The last button on the Auki quick compose interface is its most important—the send button. The send button’s color will reflect the type of message that you will send—SMS text or iMessage. The green color pertains to text messages, and blue pertains to iMessage.
Quick replies are initiated directly from banner notifications or from the Lock screen or Notification Center. You’ll notice a blue reply button on the far-right side of the banner notification, which, when tapped, reveals Auki’s quick reply interface.
The quick reply interface closely resembles the quick compose interface. The main difference between the two is that quick reply doesn’t allow you to modify recipient. Quick reply recipients are pre-populated, and the send button that normally appears on the quick compose window has been changed to a reply button.
There is another feature with quick reply that astute observers will notice. Beneath the name of the contact you’re replying to rests the contact info used by the sender. This contact info can be an email address, in the case of iMessage, or a phone number, which is useful for gaining additional context of a conversation.
The third and final big feature of Auki is the silent mode. Silent mode can be turned on for any conversation simply by swiping the conversation thread, and tapping the silent button that lies next to the delete button.
Silent mode allows users to suppress alert sounds, notification banners and vibration. Silent mode also activates something that has been dubbed stealth mode. Stealth mode disables the read receipts and now-typing indicator normally present when replying to messages.
Auki is opinionated software, meaning that that Surenix and Bensge have created it with their vision in mind and don’t allow users to customize the experience. In fact, the tweak doesn’t feature a preference panel in the Settings app at all. While I don’t mind this, and I actually find it to be refreshing, some users may understandably not agree with this approach.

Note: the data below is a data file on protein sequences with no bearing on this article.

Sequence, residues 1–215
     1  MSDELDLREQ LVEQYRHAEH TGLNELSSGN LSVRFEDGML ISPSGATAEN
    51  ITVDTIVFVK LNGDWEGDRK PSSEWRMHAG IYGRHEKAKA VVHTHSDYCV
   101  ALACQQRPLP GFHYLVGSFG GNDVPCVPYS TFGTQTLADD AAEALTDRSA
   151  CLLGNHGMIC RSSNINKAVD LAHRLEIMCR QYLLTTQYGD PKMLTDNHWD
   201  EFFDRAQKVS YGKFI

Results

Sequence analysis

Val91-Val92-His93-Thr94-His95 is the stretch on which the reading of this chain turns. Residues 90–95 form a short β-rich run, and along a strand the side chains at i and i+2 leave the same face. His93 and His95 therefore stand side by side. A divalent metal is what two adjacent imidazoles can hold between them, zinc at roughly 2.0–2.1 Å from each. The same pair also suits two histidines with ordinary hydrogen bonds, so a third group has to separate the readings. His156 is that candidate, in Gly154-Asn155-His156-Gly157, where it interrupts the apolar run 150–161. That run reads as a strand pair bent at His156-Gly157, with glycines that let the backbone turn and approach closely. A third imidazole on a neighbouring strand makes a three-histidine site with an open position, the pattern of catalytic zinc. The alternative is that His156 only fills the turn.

Fans of biteSMS or other Messages app related jailbreak tweaks may find Auki to be a bit limiting and devoid of some of the features that other full-featured tweaks have. However, Auki wasn’t created as a do-everything Messages app replacement; it was created to provide simple and concise quick reply that felt native and I think that it accomplishes this fairly well.
Does it have room for improvement? Of course. It’s a 1.0 release. For example, I’m hoping that a future update will allow users to attach media to outgoing texts while in landscape mode. It would also be nice to include basic preferences, such as a kill switch for disabling the tweak.
If you’re a huge biteSMS fan who loves its feature-set, then I don’t see Auki pulling you away. But if you’re someone who wants a lightweight implementation of quick reply and quick compose, something that feels as if it could have been natively included, then Auki is worthy of your consideration.
Auki is available right now from Cydia’s BigBoss repo for $3.99. What do you think about it? Share your thoughts in the comments below.